BELTON — When Sharon Sifferd discovered a stainless steel MIA/POW bracelet in a box of jewelry she was sorting through for the Scott & White Hospice Thrift Store, she knew it needed to be returned to the soldier’s family.
“SSG Larry G. Kier USA 06 May 70 SVN” was etched into the metal.
Sifferd often picks up jewelry donated to the thrift store in Belton and rummages through it to determine prices.
The thrift store receives boxes of donated items constantly, many coming in from families who have cleaned out a family member’s home after a death.
“We don’t do an inventory, so there was no way to contact the person who brought the item in,” she said.
Susan Robison, thrift store manager, said being a good steward of other people’s property is an important part of the job.
Sifferd, who has genealogy experience, volunteers at the Killeen Family History Center at the Church of Jesus Christ of Latter-day Saints, so she went to work trying to find Kier’s family.
She uncovered information about Kier’s death in Vietnam and his burial more than 30 years later. She also found information on his brother, Vern Kier, now living in Kentucky.
Pfc. Larry Kier was killed in May 1970 while defending an artillery fire support base in South Vietnam.
Several men died in the battle, but Kier’s body was not recovered, according to the POW Network.
In 1991, a Vietnam resident handed over a partially melted identification card and some bone fragments to U.S. officials.
In 2000, using DNA samples from the Kier family, the Army made a positive identification. Larry Kier was buried in Owingsville, Ky., in March 2002.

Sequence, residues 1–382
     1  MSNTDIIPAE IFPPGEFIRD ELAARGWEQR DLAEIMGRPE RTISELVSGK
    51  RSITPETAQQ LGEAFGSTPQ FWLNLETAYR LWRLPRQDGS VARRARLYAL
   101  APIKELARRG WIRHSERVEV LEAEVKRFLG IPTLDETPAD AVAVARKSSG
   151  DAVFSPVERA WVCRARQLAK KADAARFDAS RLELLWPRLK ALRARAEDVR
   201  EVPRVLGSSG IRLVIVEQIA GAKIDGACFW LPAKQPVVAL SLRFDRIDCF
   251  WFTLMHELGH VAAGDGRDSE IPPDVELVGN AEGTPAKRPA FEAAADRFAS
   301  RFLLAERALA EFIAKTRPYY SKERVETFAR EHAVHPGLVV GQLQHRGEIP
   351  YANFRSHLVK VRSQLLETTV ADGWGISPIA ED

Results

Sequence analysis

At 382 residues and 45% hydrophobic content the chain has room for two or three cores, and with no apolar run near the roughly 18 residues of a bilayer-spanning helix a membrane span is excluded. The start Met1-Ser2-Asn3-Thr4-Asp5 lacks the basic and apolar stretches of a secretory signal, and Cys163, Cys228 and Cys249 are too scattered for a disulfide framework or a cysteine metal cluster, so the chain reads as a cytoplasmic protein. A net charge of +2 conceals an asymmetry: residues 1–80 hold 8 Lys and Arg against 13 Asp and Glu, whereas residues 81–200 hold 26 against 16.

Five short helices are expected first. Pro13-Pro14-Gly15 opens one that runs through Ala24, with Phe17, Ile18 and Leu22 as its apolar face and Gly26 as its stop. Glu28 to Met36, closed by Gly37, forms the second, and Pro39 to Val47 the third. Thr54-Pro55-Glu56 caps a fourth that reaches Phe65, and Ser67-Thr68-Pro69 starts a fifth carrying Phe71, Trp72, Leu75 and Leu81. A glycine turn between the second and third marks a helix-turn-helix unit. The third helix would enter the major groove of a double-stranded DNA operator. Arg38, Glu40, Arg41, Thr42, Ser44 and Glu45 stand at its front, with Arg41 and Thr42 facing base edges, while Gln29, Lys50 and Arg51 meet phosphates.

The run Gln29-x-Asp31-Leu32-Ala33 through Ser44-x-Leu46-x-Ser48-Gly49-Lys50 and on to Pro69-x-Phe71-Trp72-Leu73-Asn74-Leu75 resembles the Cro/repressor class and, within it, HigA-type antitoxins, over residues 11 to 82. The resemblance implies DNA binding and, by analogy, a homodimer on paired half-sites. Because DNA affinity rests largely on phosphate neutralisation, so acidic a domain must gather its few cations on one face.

Began making calls
Robison sent emails to all the addresses Sifferd found and started making calls. The first number was disconnected.
When one of the calls went through, she left a message about finding the bracelet.
“I read what was etched on the bracelet and said, ‘If this is your family, would you please call me back, because I would like to return this to the appropriate person and I’m making every effort to get this back to the family,’” she said.
Vern Kier returned her call Tuesday morning.
“I told him someone in Belton must have worn the bracelet and I didn’t know why it was at the thrift store, but it was about rescuing it and getting it back to where it belonged,” Robison said.
The MIA/POW bracelet project began in the early 1970s to draw attention to the men serving in the armed forces during the Vietnam War who were missing in action or prisoners of war.
The first bracelets were made of brass and copper and cost $2.50 to $3. By the time the project ended, about 5 million bracelets had been distributed.
Robison mailed the MIA/POW bracelet Tuesday.
“It’s supposed to get to Kentucky on Friday,” she said.